On “The Tourist,” independent movies, & “The Black Swan”

I made myself a lot of promises when I started writing this blog a month or so ago.  And one of them was to offer some thoughts about a crop of recently released movies, most of which I saw when I was in New York on my December theatre binge.  Best get to it.


One much overlooked little piece of delightful escapism is The Tourist, with Johnny Depp and Angelina Jolie.  I had a ball with it.  Mind you, I also thought it was completely mindless entertainment.  But nothing in contemporary films has so completely captured the charm of those wonderful Cary Grant/Gregory Peck/Sophia Loren/Audrey Hepburn capers back in the 50’s and 60’s.   Here, Johnny and Angelina can completely hold their own in competition with those earlier Hollywood greats, and of course a caper film set in Venice provides a superb background for their nonsense.  No one with as much admiration for Johnny Depp as I have would ever be surprised by the plot twists of the movie.  He simply wouldn’t bother to be in the film if they weren’t there.  So it all gets pretty predictable.  But who cares?  Hollywood screenwriters don’t have to make sense of their plots these days, and lets face it, they never did.  I think of Hitchcock’s fine North by Northwest, for instance, which hooked me for life while never making much sense at all.  The Tourist is in the same family, along with Charade, Arabesque, Mirage, and To Catch a Thief.   Dapper Depp is as fascinating an enigma as ever, and Angelina, who apparently took charm lessons to play her role, has never been easier to look at.  What’s more, she can act!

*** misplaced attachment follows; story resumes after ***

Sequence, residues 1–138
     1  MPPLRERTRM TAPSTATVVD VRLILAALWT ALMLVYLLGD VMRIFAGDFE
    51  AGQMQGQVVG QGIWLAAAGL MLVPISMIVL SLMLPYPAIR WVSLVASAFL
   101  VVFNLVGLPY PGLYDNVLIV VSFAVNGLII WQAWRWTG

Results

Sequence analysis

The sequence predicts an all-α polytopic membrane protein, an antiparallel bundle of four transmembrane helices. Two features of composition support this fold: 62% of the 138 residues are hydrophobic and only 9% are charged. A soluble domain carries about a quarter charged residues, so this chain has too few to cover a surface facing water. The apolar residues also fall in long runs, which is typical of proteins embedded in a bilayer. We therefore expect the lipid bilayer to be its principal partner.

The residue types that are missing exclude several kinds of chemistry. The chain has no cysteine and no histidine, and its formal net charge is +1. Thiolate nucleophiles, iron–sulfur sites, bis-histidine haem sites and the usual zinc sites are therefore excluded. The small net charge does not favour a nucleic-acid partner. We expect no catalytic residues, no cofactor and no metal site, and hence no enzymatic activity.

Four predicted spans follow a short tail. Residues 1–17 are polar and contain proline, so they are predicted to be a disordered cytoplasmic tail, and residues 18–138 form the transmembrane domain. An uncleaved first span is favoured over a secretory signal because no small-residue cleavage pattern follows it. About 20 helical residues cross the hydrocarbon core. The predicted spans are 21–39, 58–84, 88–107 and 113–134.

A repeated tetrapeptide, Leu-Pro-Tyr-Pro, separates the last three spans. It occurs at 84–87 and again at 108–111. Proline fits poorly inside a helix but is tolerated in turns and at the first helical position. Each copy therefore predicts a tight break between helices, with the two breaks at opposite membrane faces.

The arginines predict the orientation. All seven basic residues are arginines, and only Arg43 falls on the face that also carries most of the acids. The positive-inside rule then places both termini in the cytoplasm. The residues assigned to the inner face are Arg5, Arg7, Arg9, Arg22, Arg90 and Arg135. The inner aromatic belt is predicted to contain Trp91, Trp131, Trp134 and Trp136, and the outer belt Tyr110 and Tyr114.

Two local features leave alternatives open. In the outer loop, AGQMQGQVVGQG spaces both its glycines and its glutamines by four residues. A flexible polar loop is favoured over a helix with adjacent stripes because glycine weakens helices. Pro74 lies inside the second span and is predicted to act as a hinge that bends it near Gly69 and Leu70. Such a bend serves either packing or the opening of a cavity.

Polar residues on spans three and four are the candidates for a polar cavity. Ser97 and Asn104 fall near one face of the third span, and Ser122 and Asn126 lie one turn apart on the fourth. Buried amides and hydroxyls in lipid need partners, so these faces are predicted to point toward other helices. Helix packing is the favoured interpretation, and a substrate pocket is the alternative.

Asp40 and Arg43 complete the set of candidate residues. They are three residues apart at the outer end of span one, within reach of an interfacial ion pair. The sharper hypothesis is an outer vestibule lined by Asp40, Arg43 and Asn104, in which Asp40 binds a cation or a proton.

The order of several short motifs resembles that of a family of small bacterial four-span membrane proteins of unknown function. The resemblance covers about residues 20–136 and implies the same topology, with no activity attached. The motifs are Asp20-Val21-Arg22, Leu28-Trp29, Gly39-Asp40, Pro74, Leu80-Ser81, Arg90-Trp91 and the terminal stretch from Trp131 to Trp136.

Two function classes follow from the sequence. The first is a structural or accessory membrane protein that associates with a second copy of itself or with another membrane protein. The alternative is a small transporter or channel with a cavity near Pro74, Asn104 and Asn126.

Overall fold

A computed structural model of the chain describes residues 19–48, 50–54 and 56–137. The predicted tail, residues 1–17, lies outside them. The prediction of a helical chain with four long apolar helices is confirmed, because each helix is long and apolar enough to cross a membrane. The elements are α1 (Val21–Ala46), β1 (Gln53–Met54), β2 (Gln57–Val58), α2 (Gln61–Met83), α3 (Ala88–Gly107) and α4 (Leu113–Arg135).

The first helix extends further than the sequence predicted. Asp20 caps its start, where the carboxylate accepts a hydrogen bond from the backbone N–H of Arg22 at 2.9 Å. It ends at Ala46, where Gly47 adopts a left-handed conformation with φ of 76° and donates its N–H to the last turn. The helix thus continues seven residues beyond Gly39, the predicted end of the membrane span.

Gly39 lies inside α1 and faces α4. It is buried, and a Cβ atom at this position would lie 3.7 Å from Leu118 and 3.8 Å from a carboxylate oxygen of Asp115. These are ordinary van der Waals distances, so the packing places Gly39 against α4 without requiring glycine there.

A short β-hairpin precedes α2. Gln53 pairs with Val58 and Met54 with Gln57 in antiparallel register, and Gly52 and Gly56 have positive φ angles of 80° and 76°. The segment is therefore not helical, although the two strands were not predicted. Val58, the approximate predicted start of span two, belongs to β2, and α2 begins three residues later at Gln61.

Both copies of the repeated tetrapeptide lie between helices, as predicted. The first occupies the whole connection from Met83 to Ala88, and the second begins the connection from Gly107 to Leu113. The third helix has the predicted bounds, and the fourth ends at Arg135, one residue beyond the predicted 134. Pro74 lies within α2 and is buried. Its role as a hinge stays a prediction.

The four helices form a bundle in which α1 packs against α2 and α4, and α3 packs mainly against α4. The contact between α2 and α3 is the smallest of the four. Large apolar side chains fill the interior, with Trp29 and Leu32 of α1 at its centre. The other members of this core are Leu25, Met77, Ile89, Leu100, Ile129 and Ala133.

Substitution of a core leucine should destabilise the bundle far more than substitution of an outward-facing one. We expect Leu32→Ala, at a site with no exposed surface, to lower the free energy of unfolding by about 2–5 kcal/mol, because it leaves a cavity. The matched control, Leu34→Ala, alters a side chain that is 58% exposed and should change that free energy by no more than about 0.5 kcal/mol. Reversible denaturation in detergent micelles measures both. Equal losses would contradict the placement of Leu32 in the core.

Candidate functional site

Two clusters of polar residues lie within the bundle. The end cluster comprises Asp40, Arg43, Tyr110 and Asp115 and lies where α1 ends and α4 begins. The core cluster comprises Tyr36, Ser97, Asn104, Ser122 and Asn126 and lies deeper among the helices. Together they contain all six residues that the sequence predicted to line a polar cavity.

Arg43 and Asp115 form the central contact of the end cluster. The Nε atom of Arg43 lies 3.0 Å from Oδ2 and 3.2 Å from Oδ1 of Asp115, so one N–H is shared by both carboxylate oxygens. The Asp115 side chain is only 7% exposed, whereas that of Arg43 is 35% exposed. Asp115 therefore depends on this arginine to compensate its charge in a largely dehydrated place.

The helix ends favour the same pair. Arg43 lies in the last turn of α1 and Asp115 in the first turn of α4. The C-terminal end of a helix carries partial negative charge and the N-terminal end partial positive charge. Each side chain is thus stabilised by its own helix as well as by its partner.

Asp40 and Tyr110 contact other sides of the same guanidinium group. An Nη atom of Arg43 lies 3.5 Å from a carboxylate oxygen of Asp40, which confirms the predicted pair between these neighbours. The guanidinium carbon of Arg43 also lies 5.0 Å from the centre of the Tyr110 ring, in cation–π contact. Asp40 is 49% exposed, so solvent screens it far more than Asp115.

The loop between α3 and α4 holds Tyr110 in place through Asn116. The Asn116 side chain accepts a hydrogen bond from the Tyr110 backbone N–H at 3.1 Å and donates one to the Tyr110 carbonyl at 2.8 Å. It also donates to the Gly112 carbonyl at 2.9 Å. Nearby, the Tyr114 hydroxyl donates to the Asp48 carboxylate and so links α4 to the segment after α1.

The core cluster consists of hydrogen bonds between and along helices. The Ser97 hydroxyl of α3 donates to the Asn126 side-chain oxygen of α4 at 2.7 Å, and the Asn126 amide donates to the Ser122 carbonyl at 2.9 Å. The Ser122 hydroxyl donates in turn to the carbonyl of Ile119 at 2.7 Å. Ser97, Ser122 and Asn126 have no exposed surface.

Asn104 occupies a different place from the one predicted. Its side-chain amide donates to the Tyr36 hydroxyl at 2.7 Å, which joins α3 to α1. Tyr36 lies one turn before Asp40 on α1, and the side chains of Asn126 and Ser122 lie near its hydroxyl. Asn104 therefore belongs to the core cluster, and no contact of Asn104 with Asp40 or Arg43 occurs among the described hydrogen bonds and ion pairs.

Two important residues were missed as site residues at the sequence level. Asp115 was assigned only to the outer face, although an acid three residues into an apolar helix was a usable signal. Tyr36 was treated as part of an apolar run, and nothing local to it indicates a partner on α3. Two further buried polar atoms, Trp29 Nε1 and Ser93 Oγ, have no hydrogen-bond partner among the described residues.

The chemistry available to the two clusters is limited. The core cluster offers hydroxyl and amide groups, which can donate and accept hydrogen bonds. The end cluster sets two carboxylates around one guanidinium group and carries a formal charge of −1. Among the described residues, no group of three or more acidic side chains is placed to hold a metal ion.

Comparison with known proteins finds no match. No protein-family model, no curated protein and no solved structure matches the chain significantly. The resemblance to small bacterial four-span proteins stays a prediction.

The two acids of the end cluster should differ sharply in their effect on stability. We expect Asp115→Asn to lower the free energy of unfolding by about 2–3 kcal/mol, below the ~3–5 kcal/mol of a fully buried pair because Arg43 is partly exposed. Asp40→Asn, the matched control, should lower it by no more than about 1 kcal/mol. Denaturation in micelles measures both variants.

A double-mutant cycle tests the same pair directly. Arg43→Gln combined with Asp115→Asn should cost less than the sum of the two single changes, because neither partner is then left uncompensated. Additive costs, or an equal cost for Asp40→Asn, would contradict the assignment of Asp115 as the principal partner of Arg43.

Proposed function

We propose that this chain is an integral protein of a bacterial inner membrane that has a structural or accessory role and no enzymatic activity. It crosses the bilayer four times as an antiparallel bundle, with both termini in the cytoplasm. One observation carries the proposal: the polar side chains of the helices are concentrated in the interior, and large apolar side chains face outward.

I frequently wail over the state of independent movies these days.  I may be prejudiced, or course, because I have worked with friends in two small film companies to make two small movies in two tiny roles.  If you wanted to look (fast), you could find me as a bartender in Kingdom County Productions’ Disappearances (2006) and as a butcher in Cavalier Films’ Familiar Strangers (2008), both available on Netflix.  (Shameless self-promotion, I know!  … but they’re both worth a watch even without me in them.)    Good small movies are rare.  With Hollywood and the wider audiences obsessed with expensive spectacle and violence, huge commercial success is essential.  It’s all about the money, naturally.  Meanwhile, the path to making really good small-budget, human-interest films has gotten more and more difficult.  Sure, it may now be much easier to pick up a cheap video camera and shoot a movie, and then even to launch it on the internet.  But theatrical distribution?  Ah, that’s a different story.  Getting your work seen once it’s made is the all-but-impossible last step in the process.  The only reason the above two films have ever made it out of the closet is the blood, sweat and tears their producers put into carting them around to art houses.